Avoid the temptation to overhaul a midcentury modern home’s entire facade when remodeling or adding on. Not only is doing this a daunting design challenge, but it can also be prohibitively expensive. Instead, remember what attracted you to the house in the first place, and let the original design shine through.
Look at the overall composition’s simplicity as an asset, and concentrate on focal points in the facade that will keep your eye interested. Home in on key aspects in the house design that can be updated to give the biggest bang for your buck. When concentrating on these “moments,” it’s OK that most of the house remains a neutral backdrop.
A home’s front facing corner is a key opportunity for an upgrade. Adding an exaggerated overhang visually extends the horizontal nature of the house and helps connect it to the landscape. In the home renovation by Marcus Gleysteen Associates
shown here, a column added to support the overhang dramatically calls attention to the corner. Recessed lighting and a high-gloss wood soffit add a luxury touch too.
These design moves underline the indoor-outdoor continuity of the house, something all houses from this era achieve. In this remodel by Hart Wright Architects
, the structural support for the roof is held back from the corner, and the corner is rendered entirely in glass with a large overhang.
The architects of this remodeling project cleverly wrapped white lattice around the corner to create a focal point in the facade.
The front door can be a fun way to rock some midcentury bling. Painting the door a punchy color, like canary yellow in this project or celery green in the previous photo, provides a great contrast to the neutral tones of most homes.
9 Daring Colors for Your Front Door
If the door needs to be replaced, there are a number of manufacturers that specialize in midcentury designs with glass panels. You can select clear or opaque glass panels for the door. The glass panels can be arranged in a vertical or horizontal pattern with small or large amounts of glass to harmonize with your home’s decor.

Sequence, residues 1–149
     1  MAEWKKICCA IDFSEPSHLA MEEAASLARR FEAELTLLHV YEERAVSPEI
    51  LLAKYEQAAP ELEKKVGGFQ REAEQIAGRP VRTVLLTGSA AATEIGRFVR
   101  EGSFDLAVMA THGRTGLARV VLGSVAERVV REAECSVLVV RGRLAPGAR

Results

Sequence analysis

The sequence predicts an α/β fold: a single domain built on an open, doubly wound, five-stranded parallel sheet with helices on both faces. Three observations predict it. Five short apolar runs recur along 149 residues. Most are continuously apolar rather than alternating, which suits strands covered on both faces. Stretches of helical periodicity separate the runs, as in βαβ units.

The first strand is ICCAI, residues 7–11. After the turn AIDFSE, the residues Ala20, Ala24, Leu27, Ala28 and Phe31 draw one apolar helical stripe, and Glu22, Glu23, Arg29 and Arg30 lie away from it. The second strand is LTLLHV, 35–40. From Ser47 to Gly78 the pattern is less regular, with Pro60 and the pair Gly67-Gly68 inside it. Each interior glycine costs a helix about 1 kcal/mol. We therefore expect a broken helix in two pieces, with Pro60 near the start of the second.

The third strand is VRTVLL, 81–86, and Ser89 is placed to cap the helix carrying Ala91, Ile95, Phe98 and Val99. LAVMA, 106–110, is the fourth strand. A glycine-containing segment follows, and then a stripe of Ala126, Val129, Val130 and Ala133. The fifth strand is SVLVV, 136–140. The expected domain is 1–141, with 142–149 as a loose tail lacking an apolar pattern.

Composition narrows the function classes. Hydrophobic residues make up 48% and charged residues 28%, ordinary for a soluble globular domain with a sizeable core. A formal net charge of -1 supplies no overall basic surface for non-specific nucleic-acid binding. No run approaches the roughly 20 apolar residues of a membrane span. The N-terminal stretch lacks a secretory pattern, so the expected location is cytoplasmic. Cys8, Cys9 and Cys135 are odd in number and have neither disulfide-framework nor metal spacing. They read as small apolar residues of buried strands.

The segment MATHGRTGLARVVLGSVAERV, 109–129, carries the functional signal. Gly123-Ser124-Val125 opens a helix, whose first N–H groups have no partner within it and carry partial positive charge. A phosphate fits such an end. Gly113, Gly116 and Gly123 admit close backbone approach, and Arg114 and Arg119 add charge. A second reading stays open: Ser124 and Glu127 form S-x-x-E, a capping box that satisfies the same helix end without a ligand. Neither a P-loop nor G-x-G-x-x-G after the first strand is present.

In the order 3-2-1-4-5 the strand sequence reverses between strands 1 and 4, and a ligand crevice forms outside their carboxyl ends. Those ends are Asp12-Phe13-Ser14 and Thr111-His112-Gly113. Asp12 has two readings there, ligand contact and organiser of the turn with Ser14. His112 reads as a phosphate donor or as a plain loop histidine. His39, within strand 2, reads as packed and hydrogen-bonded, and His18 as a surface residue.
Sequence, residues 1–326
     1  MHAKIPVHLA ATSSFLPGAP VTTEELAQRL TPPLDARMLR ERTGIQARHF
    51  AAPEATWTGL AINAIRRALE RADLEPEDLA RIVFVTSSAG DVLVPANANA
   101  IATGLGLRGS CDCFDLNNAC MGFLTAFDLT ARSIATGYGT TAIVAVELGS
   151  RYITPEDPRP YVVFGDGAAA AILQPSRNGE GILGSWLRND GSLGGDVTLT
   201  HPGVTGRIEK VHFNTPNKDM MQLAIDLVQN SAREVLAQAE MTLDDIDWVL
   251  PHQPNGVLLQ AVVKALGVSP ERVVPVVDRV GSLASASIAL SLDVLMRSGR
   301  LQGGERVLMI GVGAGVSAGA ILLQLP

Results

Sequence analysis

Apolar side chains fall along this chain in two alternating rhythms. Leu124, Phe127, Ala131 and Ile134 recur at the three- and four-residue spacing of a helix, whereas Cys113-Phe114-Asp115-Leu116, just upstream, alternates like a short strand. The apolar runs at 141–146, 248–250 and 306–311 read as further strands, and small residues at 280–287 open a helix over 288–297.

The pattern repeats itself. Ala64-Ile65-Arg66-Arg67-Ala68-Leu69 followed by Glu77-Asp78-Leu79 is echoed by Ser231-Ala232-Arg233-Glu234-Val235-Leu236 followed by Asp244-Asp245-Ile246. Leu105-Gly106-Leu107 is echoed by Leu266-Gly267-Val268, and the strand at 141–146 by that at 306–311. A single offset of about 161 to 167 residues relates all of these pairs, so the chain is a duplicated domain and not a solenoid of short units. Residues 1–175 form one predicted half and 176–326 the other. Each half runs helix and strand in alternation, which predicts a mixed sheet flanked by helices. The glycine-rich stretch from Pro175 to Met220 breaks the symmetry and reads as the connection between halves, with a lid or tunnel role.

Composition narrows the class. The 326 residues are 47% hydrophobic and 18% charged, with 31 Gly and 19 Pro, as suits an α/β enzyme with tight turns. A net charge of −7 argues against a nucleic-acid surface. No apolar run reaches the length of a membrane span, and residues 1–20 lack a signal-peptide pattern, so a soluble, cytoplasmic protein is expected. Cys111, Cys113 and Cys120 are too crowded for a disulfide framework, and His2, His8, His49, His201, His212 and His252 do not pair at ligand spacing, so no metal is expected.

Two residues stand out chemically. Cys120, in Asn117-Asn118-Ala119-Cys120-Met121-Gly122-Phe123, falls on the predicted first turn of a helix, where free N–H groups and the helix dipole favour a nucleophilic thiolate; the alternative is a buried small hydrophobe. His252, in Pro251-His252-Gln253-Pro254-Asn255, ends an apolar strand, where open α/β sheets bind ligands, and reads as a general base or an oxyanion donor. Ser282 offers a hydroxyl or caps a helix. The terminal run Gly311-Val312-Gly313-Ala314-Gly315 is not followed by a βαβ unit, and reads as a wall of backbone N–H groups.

Another route is to have a solid slab door with translucent sidelights. This design offers clear contrast between solid and void. The sidelight is most dramatic when it matches the height of the door and extends all the way to the ground. The sidelight can be glass or even a lattice of wood, making for a beautiful pattern of light.
Finally, for the most luxe effect, the door can be custom-made like this door by Finne Architects, where a beautiful pattern of translucent glass is set into a natural wood door, with floor-to-ceiling clear sidelights on either side of the door.
Entry canopy. A sleek and eye-catching entry canopy over the front door can focus attention on your home’s entry and can be a practical intermediary connecting inside to out. This is also a great space to welcome guests. Because there is only one front door to a house, this feature is unique to the house and does not have to match other parts, giving greater freedom for design. In New England, where sloped roofs are considered more practical because of the unpredictable winters, a dramatic roof pitch over your entry can actually add a modern flair.
Garage. In midcentury modern homes, the prominence of the garage was nothing to be ashamed of, and the garage door was often celebrated by making it front and center. Consider having fun with this key aspect of the home by replacing the garage door with one of the many innovative garage doors on the market. Translucent doors with metal frames glow at night but still keep the inevitable clutter inside the garage out of sight. This garage door makes a beautiful modern lantern at night.
One of the key characteristics of the midcentury modern ranch is its horizontality. Sometimes this can become a bit relentless and boring. When adding on, it would seem like a no-brainer to continue in that direction. A new addition does not need play it safe and continue the strict horizontal lines of the original. Why not spice it up by going vertical? Here in New England, builders call it “popping the top.”
When thoughtfully done, a second-floor addition complements the original composition, rather than simply extending it. Foundations are expensive, so It’s often more affordable to build up rather than out and avoid the cost of more foundation work. It’s also more sustainable to add living space without consuming more of your property. In this addition, the second-floor master bedroom suite is located over the living room. Make sure to have the existing foundations checked by a structural engineer to be sure they are adequate to support the load of the second floor.
Here is another example of getting vertical in a dramatic fashion. In this remodel, Webber + Studio Architects
cleverly attached a tower to the existing house to accommodate more bedrooms and a roof deck. The tower adds undeniable bling to the existing house, while keeping a modest footprint.
via High-Impact Updates for Your Midcentury Facade